Although I was a member of the Socialist Party, the magazines I edited from 1912 to 1922, the Masses and the Liberator, were arrantly independent, and I was pretty regularly flayed alive by the party officials for some heresy or other. It was usually a revolutionary heresy. I was decidedly at the red end of the party spectrum. Still, it wasn’t always the reformists as against the revolutionists that I attacked. As often it was the dogmatism of both. Naturally, in my attempt to make Marxism over into an experimental science, I waged a continual war on the bigotry, the cant, the know-it-allism, of the party priesthood. This I think distinguished the policy of the old Masses and the Liberator as much as their militant insistence on the class struggle. I was always close friends with the I.W.W., and on good terms even with the anarchists, although I lectured them on their childish innocence of the concept of method. I was not afraid, either, of the word liberal with a small l, although I had my own definition of it. “A liberal mind,” I wrote in the Masses for September 1917, “is a mind that is able to imagine itself believing anything. It is the only mind that is capable of judging beliefs, or that can hold strongly without bigotry to a belief of its own.”
When the Bolsheviks seized power in Russia in October 1917, shocking the whole world of progressive and even moderate socialist opinion, I backed them to the limit in the Liberator. I raised the money to send John Reed to Russia and published his articles that grew into the famous book, Ten Days That Shook the World. I was about the only “red” still out of jail in those violent days, and my magazine was for a time the sole source of unbewildered information about what was happening in Russia. Its circulation reached a peak of sixty thousand.
When Lenin’s pamphlet, called in English “The Soviets at Work,” was published—the same that won Whittaker Chambers to communism—I was enraptured. The monumental practicality, the resolute factualness, of Lenin’s mind, combined as almost never before with a glowing regard for poor and oppressed people, anxiety over their freedom, devotion to the idea of their entrance into power, swept me off my feet. I still think it one of the noblest—and now saddest—of political documents. It convinced me that Lenin’s mind was experimental. In every line he seemed to realize my ideal of a scientific revolutionist. I greeted him in two articles in the Liberator as “a Statesman of a New Order,” and dedicated myself with no doctrinal reservations to the defense of his principles of action and his Soviet regime.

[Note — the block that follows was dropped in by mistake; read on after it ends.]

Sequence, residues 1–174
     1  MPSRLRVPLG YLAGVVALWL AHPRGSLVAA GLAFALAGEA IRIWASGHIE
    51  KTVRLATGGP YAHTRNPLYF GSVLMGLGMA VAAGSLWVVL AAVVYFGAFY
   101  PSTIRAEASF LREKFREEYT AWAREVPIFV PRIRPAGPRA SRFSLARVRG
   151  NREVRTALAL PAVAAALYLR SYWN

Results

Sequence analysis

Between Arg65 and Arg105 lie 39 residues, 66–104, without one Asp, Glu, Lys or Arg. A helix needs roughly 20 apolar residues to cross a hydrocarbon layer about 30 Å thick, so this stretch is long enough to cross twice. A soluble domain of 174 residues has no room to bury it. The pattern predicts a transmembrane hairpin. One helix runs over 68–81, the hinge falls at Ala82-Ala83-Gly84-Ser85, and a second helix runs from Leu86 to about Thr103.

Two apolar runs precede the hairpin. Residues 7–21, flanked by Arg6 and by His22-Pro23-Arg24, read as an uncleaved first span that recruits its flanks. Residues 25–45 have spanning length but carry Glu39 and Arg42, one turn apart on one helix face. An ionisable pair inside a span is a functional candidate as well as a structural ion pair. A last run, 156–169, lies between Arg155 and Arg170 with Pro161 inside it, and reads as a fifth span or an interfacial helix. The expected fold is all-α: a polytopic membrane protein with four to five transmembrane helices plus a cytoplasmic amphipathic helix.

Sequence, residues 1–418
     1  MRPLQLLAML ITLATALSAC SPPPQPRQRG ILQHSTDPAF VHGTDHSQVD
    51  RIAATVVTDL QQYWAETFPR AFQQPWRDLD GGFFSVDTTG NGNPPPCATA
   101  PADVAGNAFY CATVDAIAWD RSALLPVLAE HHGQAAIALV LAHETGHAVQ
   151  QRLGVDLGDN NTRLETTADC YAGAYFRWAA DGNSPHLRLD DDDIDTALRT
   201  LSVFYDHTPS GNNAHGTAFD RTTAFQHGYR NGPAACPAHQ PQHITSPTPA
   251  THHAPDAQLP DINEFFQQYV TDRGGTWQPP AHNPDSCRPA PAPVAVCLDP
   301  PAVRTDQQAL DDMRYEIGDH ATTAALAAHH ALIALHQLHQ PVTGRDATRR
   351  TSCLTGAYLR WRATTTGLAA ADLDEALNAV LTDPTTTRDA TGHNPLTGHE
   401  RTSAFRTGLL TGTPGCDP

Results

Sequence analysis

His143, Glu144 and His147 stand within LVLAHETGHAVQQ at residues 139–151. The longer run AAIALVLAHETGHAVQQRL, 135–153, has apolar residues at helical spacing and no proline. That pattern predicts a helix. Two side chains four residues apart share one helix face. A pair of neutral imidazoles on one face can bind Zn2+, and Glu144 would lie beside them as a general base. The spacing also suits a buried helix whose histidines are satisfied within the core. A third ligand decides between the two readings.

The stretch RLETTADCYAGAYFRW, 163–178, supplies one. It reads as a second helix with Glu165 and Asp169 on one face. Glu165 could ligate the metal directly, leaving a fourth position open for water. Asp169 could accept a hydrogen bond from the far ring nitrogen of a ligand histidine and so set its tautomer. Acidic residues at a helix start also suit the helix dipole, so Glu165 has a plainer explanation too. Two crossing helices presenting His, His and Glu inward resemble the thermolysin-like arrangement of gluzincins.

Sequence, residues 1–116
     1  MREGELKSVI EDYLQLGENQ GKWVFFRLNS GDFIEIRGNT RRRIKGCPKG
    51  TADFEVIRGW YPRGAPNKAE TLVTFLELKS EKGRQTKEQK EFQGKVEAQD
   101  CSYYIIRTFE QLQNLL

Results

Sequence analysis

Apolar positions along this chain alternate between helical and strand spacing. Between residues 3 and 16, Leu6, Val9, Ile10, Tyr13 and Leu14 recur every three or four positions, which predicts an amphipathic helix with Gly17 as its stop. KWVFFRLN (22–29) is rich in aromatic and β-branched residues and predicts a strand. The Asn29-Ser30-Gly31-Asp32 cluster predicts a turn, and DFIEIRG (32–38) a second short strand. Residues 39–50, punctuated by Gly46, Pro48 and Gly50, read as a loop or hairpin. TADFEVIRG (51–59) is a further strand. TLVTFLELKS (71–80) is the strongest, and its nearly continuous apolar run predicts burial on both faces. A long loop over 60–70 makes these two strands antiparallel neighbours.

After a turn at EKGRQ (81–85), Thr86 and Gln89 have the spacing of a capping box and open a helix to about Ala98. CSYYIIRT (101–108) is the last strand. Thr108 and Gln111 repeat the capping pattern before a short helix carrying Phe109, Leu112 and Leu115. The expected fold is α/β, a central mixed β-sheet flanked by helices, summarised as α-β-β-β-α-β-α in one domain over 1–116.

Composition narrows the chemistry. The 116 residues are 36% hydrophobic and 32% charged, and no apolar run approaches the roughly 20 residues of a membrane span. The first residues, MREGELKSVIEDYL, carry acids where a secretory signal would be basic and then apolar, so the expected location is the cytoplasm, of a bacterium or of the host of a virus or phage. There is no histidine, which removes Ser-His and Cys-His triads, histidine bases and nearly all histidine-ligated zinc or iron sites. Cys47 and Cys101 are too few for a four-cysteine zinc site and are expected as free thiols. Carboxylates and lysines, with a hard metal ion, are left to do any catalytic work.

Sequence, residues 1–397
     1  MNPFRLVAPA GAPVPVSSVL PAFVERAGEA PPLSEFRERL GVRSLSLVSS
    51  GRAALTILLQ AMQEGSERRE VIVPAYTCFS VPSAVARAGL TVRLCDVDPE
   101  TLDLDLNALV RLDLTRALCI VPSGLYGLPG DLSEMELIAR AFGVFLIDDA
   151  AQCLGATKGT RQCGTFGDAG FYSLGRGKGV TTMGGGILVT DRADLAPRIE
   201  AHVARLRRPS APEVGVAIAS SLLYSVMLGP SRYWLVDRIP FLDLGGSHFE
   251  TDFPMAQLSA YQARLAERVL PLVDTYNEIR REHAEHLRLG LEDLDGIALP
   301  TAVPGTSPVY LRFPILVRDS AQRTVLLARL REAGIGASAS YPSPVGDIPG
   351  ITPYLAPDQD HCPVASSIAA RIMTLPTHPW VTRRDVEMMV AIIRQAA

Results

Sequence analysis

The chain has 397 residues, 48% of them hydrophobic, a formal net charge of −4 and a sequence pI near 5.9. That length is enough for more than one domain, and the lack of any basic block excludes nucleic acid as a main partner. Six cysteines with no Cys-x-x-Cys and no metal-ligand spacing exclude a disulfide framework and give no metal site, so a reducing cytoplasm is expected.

Attacking those who accused him of dogmatism, I exclaimed: “I have never seen a sign in any speech or writing of Lenin that he regarded the Marxian theory as anything more than a scientific hypothesis in process of verification.”
There were few translations from Russian in those days. I had to go to Russia and learn the language before I found out that Lenin was a true believer in the Marxian mystique. He was, to be sure, more high-handed with its postulates than any other believer—much more so than Trotsky. He had the trick, as Karl Radek once remarked to me, of “deciding a question on the basis of the facts and then fixing it up with the theory afterward.” He also had Hegel’s notion of “dialectic logic” to help him with this trick. I did not know enough then to distinguish between the limited freedom dispensed to the faithful by this ingenious notion, and the complete freedom of a mind dealing only with facts, purposes,